Leaving home — a checklist for successful domicile abandonment

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    By Greg Illes

    Every RVer’s dream is to wander off, leaving home and hearth behind, on a weeks- or months-long meander through far unknown lands. Usually, a lot more attention is paid to RV preparation and where the trip will lead than to how well the old homestead might fare without daily supervision.


    Leaving home — a checklist for successful domicile abandonmentAfter years of business and personal travel, including unpleasant surprises upon arriving back home, we have a departure checklist to help avoid the avoidable.

    • All trash out — Empty everything in the house, especially rotten or stinky stuff.
    • Thermostats set or off — You may need to keep a winter house above freezing; otherwise, turn everything off to save $$.
    • Sprinklers set or off — You’ll have to decide about watering, or letting the yard go fallow. Make settings accordingly, but don’t forget that any active sprinkler can break and create a small flood. House plants will need a sitter, or a funeral.
    • Garbage disposals run/empty — Residual food can make big stinks and molds.
    • Toilets cleaned and flushed — Did little Johnnie use the john just before you left? Make sure there’s only water in those bowls.
    • Laundry hamper empty — Dirty clothes become throwaway clothes after awhile.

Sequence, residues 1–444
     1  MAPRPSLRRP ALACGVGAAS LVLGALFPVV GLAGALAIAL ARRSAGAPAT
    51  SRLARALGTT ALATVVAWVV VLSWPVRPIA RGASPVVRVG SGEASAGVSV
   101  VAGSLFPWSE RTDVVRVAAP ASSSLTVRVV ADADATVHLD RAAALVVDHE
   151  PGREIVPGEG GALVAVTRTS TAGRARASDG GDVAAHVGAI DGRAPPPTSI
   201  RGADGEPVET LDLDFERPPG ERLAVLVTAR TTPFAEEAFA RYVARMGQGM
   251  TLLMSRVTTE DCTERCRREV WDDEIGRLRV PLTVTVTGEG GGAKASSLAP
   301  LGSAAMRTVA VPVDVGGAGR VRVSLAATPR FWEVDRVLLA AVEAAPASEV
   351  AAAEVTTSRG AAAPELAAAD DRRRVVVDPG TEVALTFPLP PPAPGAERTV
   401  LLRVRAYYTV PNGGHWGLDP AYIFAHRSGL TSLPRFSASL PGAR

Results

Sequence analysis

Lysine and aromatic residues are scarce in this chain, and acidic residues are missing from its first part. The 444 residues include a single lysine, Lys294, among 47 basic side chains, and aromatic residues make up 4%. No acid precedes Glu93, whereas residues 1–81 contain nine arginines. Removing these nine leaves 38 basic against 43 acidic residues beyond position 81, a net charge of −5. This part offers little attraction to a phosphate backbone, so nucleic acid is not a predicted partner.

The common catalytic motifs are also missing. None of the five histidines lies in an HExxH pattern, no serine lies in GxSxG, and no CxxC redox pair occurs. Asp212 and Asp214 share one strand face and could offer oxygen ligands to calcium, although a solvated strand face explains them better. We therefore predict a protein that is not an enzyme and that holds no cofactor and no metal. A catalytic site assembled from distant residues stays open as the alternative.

• Windows and doors locked — Of course, but put it on your checklist to make sure you do it.
    • Small ventilation — Leave a little ventilation somewhere to prevent a houseful of stale air.
    • Electronic items off or unplugged — TVs and other appliances may use background power consumption and need to be unplugged.
    • Mail on hold at USPS — You can do this on the Internet. They’ll hold mail until a date, or notification, and then deliver the whole bundle to you at once.
    • Bills on autopay — The best way to deal with scheduled payments, using transfers or email.
    • Notifications — Let folks you trust know that you’re gone, and to be aware of what’s going on at your address. Let your yard care and house care services have a break. Suspend your satellite TV service, Internet, etc.
    • Emergency credit card — A lost or scammed card is useless. Keep a spare (that you never use).
    • Emergency cash — A few stashed $50 bills can save the day when that gas pump or RV park won’t take cards or checks.

    You don’t need to ask me how I know about all these “gotchas” — each and every one has been (sometimes painfully) experienced. I keep my list on my cell phone so I can read it as I walk around the house. As you can see, a little preparation will make sure your home is still happy when you get back. Good travels (and returns)!

    Greg Illes is a retired systems engineer who loves thinking up RV upgrades and modifications. When he’s not working on his motorhome, he’s traveling in it. You can follow his blog at www.divver-city.com/blog.

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